Saturday, September 30, 2006

GP2 in review - Hamilton at a canter......

If nobody quite knew what to expect in the first season of GP2 last year, then this time our hopes were high. Close fought racing between almost F1-quick single seaters with no electronic trickery or driving aids and most of the best aspiring young would-be F1 drivers at the wheel. With slick tyres this year, they edged still closer to the back of the F1 grid in performance terms - on occasion they might have been in a position to give at least the earliest version of the Aguri F1 car a fright in lap speed terms. In other words - more often than not the most interesting part of the Grand Prix weekend. I think its fair to say that GP2 entirely lived up to these elevated expectations this year.

At the start of the year, I predicted that the title battle would be fought between between Premat, Lapierre, Carroll and Piquet. Which shows how much I know. In my defence, I can only point out that, of the newcomers, I did single out Glock and Hamilton as the series debutants most likely to upset the applecart. Certainly I didn't expect Hamilton to take the championship by the kind of margin that he eventually did.

If the championsip battle was not as close fought as that between Kovalainen and Rosberg last year, the same could not be said of the individual races, some of which were very hotly contested indeed. The battle between Jose Maria Lopez and Timo Glock in the sprint race at Hockenheim stands out in particular, while the last lap of the feature race at Barcelona, where ART team mates Premat and Hamilton fought it out was a graphic illustration of how close it sometimes got.

In all there were 9 different winners in the 22 races this year. For sure, the feature/sprint race split, with the latter being run with semi-reversed grids, probably inflated this number a little (neither Andreas Zuber nor Michael Ammermuller ever really looked like winning a feature race) but there were still 6 different winners in the 11 feature races - not a bad total when compared with F1, or especially with this year's world rally championship.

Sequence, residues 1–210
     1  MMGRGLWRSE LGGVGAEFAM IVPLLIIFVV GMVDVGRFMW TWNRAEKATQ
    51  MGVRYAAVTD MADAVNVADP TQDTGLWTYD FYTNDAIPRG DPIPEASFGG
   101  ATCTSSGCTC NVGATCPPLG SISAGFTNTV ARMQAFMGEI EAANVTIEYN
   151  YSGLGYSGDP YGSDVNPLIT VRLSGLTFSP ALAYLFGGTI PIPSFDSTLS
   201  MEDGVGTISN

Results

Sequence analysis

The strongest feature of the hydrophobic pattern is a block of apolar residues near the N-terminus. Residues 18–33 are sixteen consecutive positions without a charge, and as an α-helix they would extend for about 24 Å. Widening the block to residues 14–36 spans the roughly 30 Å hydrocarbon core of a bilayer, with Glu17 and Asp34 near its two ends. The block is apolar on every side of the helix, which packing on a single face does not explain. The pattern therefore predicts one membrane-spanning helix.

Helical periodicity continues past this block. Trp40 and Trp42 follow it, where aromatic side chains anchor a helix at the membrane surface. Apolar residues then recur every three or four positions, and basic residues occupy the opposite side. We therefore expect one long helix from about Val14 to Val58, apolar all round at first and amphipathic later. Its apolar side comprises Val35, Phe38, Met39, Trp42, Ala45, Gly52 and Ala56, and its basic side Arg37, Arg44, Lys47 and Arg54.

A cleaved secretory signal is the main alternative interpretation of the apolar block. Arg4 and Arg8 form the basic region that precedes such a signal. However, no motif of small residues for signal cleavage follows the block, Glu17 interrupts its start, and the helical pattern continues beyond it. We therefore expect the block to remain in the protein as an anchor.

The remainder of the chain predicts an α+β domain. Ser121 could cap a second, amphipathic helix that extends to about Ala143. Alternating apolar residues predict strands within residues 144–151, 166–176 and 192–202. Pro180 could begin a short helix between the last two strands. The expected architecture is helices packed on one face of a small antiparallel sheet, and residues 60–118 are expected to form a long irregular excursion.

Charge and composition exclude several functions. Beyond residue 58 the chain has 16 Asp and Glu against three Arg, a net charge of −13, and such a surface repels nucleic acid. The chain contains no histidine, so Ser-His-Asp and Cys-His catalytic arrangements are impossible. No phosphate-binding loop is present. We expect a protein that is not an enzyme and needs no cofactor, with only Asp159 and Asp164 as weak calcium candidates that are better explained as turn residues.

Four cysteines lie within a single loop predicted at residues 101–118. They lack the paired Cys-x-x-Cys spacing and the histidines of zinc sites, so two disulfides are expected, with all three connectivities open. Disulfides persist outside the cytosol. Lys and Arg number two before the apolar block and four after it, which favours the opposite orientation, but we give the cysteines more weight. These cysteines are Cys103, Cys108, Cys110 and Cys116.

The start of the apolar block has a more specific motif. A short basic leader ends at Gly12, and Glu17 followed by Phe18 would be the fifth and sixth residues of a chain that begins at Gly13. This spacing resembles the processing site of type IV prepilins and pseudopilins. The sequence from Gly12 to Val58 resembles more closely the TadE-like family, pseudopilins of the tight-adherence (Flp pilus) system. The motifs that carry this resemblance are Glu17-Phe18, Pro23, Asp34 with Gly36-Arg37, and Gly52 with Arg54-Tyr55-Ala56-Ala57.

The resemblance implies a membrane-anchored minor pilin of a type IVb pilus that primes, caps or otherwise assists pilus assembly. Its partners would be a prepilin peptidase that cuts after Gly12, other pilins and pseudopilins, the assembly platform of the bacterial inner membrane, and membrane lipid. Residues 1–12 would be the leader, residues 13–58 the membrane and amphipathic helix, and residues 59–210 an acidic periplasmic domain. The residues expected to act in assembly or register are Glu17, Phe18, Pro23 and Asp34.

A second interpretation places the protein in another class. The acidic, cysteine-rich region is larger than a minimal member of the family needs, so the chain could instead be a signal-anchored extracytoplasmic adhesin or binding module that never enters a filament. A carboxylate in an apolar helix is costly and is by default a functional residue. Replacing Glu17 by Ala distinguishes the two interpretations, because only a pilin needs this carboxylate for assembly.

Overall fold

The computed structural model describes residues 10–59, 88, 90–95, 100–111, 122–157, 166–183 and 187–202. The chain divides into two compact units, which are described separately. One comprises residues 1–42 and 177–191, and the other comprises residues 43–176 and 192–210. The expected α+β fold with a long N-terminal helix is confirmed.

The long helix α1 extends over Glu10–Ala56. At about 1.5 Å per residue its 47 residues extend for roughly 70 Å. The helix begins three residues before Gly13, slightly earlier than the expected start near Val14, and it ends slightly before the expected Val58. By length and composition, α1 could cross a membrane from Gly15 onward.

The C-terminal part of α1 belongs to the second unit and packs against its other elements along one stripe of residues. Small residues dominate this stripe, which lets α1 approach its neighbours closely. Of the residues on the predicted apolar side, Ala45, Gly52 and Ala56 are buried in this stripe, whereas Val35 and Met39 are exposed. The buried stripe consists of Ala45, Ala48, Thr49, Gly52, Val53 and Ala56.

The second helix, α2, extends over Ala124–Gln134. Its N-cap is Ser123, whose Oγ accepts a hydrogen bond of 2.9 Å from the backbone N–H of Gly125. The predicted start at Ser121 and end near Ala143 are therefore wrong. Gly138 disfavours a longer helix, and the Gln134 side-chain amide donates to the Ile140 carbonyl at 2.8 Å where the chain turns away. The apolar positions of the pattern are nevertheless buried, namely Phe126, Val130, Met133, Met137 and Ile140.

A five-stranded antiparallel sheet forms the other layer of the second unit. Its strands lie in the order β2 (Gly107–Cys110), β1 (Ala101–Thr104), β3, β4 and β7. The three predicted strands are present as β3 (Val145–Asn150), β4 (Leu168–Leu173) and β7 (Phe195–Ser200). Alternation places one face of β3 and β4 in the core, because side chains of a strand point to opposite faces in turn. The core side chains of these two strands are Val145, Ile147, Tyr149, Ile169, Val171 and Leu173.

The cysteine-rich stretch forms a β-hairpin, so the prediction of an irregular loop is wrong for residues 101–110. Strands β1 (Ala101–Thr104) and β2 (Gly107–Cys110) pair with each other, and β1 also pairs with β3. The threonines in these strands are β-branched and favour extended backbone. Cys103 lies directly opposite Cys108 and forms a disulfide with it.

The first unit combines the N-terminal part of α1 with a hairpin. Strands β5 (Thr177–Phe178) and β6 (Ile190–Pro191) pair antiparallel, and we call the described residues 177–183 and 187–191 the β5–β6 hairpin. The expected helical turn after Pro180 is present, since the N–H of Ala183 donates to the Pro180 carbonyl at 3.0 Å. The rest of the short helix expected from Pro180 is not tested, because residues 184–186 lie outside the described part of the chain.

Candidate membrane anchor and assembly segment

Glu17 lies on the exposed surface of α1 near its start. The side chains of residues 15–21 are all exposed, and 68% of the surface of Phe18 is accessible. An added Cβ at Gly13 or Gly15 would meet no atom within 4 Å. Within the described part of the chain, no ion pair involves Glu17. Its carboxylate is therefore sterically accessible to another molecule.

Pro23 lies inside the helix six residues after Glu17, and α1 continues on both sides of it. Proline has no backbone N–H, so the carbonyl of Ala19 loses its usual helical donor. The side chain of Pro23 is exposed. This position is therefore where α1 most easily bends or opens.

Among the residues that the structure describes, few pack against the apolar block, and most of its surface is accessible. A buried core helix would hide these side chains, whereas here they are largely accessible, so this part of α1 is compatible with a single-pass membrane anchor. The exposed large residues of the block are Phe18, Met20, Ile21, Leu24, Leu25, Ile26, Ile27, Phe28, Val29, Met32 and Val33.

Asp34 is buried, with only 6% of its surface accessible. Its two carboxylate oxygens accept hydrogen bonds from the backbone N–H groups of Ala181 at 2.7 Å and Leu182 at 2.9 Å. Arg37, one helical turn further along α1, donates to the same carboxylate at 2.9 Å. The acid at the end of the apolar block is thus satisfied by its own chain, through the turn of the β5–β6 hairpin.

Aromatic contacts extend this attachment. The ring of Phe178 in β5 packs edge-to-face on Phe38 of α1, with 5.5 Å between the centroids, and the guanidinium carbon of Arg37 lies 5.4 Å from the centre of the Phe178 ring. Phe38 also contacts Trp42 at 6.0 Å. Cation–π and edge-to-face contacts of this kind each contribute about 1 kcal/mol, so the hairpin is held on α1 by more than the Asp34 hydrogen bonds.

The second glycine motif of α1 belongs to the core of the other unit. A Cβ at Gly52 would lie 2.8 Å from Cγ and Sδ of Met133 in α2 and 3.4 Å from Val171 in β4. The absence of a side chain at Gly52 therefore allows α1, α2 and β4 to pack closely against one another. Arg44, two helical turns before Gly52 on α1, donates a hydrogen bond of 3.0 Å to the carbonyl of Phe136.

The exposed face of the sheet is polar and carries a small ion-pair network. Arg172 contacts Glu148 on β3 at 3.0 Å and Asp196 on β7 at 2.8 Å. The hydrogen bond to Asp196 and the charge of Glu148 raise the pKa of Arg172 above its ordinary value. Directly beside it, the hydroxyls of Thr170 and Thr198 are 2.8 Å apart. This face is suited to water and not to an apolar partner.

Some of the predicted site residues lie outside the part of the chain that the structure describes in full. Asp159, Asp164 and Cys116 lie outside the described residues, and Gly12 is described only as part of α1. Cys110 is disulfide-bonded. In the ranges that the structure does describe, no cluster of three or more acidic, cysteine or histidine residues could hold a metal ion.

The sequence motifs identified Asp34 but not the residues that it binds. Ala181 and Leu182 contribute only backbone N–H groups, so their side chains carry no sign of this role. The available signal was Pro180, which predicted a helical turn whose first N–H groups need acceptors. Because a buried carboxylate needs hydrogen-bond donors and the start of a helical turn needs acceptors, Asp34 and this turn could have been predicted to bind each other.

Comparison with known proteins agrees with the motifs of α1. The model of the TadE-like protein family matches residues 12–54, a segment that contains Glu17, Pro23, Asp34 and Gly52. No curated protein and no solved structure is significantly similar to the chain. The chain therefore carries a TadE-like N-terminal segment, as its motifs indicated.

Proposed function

With 5 wins, three of them in feature races, and a further 9 podium finishes, Hamilton was clearly the dominant force this year, and the way he dominated his second-year team mate, Alexandre Premat (who, after all, was not really any slower than Nico Rosberg last year, merely a little less consistent) indicates that he is something really rather special indeed. Whether or not he gets the Mclaren seat alongside Alonso next year, it seems pretty clear that this is a young man who is going places.

To my mind, the numbers are about right in placing Nelson Angelo Piquet best of the rest. Like his father, he seemed happiest when out in front, and never really seemed to have the same racer's instinct as Hamilton. Neither was he as consistently quick, but on the other hand, it was hard to evaluate the competitiveness of his team (Xandi Negrao never really figured in the other Piquet Sports car) and he perhaps didn't have as good a car as ART were able to provide Hamilton with. He also showed impressive speed in the wet at Hungary, winning both races, and wet weather speed is always a sign that there is something special about a driver. He deserves his Renault testing role, now that Heikki Kovalainen has been promoted to the race team for 2007. Whether he has the mental toughness and racer's instinct to be a really first rate F1 driver, on the other hand, remains to be seen.

There remains the tantalising thought that had Giorgio Pantano done all the races, or had Timo Glock started the season with ISport, rather than with BCN, with whom he never really seemed to gel, one of these two ex-Jordan F1 drivers might have given Piquet and Hamilton a serious run for their money. The numbers suggest they probably would not quite have been able to, but Glock, in particular, looked more than a match for anyone in the second half of the season. Certainly it is a mystery why he was quite so slow in the BCN Competition car, and does beg questions about the degree to which team, rather than driver ability, plays a part in a series where the cars are supposed to be identical.